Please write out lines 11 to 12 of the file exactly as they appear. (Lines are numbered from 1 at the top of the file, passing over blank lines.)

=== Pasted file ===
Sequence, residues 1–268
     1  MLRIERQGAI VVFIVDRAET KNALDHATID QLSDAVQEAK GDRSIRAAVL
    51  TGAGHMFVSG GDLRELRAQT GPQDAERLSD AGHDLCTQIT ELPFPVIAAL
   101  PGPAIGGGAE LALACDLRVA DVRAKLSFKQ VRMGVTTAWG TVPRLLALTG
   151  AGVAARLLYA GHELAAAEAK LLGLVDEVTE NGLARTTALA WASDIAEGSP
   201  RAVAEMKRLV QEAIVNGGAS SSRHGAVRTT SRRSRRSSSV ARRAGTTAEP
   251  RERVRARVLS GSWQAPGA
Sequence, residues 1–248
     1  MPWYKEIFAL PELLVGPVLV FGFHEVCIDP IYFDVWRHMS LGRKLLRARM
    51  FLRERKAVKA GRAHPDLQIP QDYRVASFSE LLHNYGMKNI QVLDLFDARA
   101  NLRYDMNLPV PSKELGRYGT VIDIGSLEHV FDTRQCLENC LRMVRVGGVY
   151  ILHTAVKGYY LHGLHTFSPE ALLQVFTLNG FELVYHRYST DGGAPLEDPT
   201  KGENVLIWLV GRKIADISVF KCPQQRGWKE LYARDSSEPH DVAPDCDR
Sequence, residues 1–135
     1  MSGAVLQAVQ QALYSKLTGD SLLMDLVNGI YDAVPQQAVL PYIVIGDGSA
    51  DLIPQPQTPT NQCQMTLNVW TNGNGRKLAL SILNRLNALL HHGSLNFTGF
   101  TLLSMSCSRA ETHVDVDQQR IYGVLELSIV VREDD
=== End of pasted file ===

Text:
   101  NLRYDMNLPV PSKELGRYGT VIDIGSLEHV FDTRQCLENC LRMVRVGGVY
   151  ILHTAVKGYY LHGLHTFSPE ALLQVFTLNG FELVYHRYST DGGAPLEDPT